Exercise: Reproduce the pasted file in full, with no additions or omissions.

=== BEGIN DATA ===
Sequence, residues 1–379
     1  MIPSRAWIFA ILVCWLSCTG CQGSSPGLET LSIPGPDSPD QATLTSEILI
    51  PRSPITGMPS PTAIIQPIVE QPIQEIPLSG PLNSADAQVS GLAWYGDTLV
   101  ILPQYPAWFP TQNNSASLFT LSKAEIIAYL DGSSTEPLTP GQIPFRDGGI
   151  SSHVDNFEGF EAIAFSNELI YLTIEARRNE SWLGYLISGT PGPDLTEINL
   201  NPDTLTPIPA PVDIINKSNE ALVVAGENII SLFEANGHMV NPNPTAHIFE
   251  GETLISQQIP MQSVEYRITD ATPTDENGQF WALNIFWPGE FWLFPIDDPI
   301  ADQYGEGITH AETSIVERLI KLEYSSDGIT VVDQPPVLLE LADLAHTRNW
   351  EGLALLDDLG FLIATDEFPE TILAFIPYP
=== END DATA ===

Sequence, residues 1–379
     1  MIPSRAWIFA ILVCWLSCTG CQGSSPGLET LSIPGPDSPD QATLTSEILI
    51  PRSPITGMPS PTAIIQPIVE QPIQEIPLSG PLNSADAQVS GLAWYGDTLV
   101  ILPQYPAWFP TQNNSASLFT LSKAEIIAYL DGSSTEPLTP GQIPFRDGGI
   151  SSHVDNFEGF EAIAFSNELI YLTIEARRNE SWLGYLISGT PGPDLTEINL
   201  NPDTLTPIPA PVDIINKSNE ALVVAGENII SLFEANGHMV NPNPTAHIFE
   251  GETLISQQIP MQSVEYRITD ATPTDENGQF WALNIFWPGE FWLFPIDDPI
   301  ADQYGEGITH AETSIVERLI KLEYSSDGIT VVDQPPVLLE LADLAHTRNW
   351  EGLALLDDLG FLIATDEFPE TILAFIPYP